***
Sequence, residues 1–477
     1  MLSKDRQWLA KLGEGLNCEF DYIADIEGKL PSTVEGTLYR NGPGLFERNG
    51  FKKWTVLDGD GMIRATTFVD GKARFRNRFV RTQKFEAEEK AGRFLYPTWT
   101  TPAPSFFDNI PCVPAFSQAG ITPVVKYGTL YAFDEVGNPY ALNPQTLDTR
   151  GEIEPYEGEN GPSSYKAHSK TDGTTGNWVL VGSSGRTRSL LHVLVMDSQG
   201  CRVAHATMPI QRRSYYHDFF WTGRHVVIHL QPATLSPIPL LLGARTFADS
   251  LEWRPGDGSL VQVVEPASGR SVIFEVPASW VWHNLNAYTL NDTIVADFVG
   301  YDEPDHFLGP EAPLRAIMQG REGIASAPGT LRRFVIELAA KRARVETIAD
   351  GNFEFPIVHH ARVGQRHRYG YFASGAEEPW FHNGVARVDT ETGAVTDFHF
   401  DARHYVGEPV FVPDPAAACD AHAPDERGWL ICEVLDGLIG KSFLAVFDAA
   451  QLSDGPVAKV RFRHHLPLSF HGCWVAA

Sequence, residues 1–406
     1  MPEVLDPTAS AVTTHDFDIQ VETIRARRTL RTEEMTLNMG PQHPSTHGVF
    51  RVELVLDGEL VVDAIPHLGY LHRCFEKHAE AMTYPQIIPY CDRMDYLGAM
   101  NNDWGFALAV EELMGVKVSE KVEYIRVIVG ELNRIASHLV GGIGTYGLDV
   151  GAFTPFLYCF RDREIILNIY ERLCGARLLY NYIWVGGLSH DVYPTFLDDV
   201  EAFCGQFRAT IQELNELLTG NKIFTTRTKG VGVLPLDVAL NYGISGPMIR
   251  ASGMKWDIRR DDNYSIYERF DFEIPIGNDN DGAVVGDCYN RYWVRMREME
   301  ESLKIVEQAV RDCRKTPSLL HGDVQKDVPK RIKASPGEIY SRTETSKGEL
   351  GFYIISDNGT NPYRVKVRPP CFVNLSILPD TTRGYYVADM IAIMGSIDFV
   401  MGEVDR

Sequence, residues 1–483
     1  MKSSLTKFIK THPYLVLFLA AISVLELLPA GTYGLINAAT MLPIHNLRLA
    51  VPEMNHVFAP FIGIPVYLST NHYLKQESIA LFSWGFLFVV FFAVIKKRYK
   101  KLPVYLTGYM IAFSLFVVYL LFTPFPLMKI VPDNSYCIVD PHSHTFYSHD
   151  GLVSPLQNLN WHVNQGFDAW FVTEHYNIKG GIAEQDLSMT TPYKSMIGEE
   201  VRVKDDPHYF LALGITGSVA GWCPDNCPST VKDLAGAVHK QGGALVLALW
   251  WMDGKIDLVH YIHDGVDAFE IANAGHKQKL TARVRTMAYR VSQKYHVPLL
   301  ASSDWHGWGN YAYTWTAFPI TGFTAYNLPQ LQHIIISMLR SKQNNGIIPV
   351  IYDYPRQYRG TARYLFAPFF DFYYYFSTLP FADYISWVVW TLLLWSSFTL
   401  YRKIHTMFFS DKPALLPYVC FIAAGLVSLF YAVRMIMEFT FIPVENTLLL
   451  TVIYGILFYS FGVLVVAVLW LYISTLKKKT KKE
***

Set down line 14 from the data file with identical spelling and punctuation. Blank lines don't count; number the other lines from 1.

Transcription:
    51  RVELVLDGEL VVDAIPHLGY LHRCFEKHAE AMTYPQIIPY CDRMDYLGAM